You’re assuming that everyone on a social network doesn’t care about what anyone else is doing. If people are interested in what you’re doing they’ll be interested in hearing about what you’re doing, regardless of if you’re a charity, individual or business.
    I think your dislike of social media stems from a lack of understanding of why people other than yourself interact with it.

  2. I think that’s a very narrow minded way of looking at communicating with your donors. Our social media is a direct link between the work our charity does and our stakeholders. If they’re not interested in finding out they can don’t have to like it, simple as.
    You’re assuming that everyone on a social network doesn’t care about what anyone else is doing. If people are interested in what you’re doing they’ll be interested in hearing about what you’re doing, regardless of if you’re a charity, individual or business.
    I think your dislike of social media stems from a lack of understanding of why people other than yourself interact with it.

  3. Anyone who isn’t interested in what we have to say wouldn’t “like” us in the first place – just like you did with your bank Jeff. If they get bored with what we have to say then they would “unlike” us.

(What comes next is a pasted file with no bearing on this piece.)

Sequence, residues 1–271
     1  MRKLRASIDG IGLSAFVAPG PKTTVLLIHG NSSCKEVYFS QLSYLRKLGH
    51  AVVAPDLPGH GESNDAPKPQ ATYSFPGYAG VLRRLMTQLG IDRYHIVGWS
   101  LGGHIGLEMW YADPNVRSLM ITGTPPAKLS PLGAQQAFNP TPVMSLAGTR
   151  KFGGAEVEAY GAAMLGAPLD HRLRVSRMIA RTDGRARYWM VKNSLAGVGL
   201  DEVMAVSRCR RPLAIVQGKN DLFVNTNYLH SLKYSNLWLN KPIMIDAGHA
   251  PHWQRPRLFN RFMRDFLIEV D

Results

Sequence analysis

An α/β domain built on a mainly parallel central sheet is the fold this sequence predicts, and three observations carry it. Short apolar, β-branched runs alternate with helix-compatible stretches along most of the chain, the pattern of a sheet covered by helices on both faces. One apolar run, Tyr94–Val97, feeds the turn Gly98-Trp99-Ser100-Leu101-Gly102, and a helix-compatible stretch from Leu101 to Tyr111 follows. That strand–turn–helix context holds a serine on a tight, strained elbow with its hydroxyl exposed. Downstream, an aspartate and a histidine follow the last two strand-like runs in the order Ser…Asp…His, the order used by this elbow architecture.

We’ve got thousands of “friends” on Facebook; the vast majority don’t interact but they still get info about what’s going on. We try to mix up the content of the messages we send out, but speaking as a professionally qualified fundraiser I find it a great way of getting people involved.

  4. Anyone who isn’t interested in what we have to say wouldn’t “like” us in the first place – just like you did with your bank Jeff. If they get bored with what we have to say then they would “unlike” us.
    We’ve got thousands of “friends” on Facebook; the vast majority don’t interact but they still get info about what’s going on. We try to mix up the content of the messages we send out, but speaking as a professionally qualified fundraiser I find it a great way of getting people involved.